In 2011, for the first time in history, the total trilateral merchandise trade among the United States, Mexico, and Canada surpassed $1 trillion. This increasing economic interconnectedness has led to a desire for something even more urgent– energy cooperation.
Meeting last week in Washington, DC, President Obama sat with the leaders of Mexico (President Felipe Calderon) and Canada (Prime Minister Stephen Harper) to increase dialogue and expand cooperation in energy sharing. The three leaders pledged to develop “continental energy, including electricity generation and interconnection” across national borders.
The leaders expressed intentions to accelerate reduction of emissions of “short-lived climate pollutants,” saying that, “reducing our emissions of these substances, which include methane, black carbon, and many hydrofluorocarbons (HFCs), offers significant opportunities to reduce the rate of global warming in the near term, in the context of our broader efforts to address climate change, while also yielding many health, agricultural productivity, and energy security benefits.” Though few definitive plans have been made, the commitment is a great step towards combating climate change, creating clean energy jobs, and promoting investment in clean energy technologies.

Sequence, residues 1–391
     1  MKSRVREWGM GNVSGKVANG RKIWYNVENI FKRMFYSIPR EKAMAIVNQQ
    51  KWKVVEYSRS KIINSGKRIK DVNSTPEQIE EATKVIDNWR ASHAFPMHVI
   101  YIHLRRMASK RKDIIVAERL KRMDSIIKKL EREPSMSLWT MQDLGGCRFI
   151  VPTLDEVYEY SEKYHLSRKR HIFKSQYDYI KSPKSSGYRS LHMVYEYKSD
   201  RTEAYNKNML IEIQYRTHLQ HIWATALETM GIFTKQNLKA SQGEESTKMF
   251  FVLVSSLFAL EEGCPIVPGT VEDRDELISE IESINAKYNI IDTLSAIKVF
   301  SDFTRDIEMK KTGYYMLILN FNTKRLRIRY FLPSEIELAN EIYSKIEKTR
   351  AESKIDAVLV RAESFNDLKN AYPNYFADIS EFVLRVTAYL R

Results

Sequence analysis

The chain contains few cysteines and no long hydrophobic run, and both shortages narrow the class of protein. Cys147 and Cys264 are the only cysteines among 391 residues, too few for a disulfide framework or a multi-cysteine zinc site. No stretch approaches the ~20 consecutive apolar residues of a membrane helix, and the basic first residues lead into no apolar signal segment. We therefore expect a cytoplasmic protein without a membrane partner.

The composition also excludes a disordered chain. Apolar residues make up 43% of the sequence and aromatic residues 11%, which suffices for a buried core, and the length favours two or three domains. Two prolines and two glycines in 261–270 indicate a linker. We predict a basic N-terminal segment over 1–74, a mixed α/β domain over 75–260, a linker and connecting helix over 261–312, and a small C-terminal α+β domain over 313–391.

In a joint news conference, President Obama said, “Between us, we represent nearly half a billion citizens, from Nunavut in the Canadian north to Chiapas in southern Mexico. In between, the diversity of our peoples and cultures is extraordinary. But wherever they live, they wake up every day with similar goals– to provide for their families, to be safe in their communities, to give their children a better life. And in each of our countries, the daily lives of our citizens are shaped profoundly by what happens in the other two. That’s why we’re here.” It’s encouraging to witness the U.S., Mexico, and Canada entering into a collaboration as important as this one. But only time will tell if they’ll adhere to their commitments. –Raffi Simel
Tonight, March 31, at 8:30 pm local time, people and major organizations around the world are being encouraged to celebrate Earth Hour, demonstrating their commitment to conserving the planet’s natural resources by switching off their lights for 60 minutes. This eco-friendly call to action will serve to recognize the benefits of energy conservation and sustainable living practices on every continent, with hundreds of countries, businesses, communities and famous landmarks– including New York’s Empire State Building, Wrigley Field, Washington, DC’s National Cathedral and even Times Square– taking part by switching their lights off. But even when the lights go back on, this event encourages all of us to be more conscious of little things we can do to benefit our beautiful planet, whether it’s donating to supporting pro-environment causes, joining WWF’s Conservation Action Network, shopping for eco-friendly products, working to optimize your home’s energy efficiency, or taking political action to promote environmental causes and curb climate change. We here at Green Global Travel encourage all of readers to do their part to help, for Earth Hour and every hour! –Bret Love